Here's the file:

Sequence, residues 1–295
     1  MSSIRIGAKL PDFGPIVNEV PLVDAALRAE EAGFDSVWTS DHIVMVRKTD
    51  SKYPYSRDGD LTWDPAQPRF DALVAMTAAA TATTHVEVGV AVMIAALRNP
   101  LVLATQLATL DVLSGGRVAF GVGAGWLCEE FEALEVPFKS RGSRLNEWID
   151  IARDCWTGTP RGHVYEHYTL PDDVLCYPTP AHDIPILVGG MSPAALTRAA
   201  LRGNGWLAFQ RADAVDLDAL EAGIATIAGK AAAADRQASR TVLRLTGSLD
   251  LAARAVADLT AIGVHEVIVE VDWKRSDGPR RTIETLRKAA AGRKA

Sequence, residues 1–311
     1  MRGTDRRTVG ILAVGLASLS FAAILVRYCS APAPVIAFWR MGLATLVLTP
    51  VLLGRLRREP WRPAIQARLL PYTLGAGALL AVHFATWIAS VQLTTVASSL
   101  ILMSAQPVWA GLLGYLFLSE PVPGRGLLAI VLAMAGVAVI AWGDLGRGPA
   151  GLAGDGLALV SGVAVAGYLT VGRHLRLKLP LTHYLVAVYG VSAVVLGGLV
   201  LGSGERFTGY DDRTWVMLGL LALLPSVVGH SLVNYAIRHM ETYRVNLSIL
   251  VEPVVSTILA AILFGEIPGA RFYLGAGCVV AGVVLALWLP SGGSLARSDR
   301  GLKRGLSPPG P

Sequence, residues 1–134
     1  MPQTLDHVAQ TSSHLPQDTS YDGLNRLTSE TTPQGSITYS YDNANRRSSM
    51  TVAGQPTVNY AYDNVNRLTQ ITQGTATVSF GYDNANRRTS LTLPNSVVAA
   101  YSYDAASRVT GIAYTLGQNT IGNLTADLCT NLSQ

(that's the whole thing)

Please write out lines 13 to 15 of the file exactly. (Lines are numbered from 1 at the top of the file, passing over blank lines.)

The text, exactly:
   201  LGSGERFTGY DDRTWVMLGL LALLPSVVGH SLVNYAIRHM ETYRVNLSIL
   251  VEPVVSTILA AILFGEIPGA RFYLGAGCVV AGVVLALWLP SGGSLARSDR
   301  GLKRGLSPPG P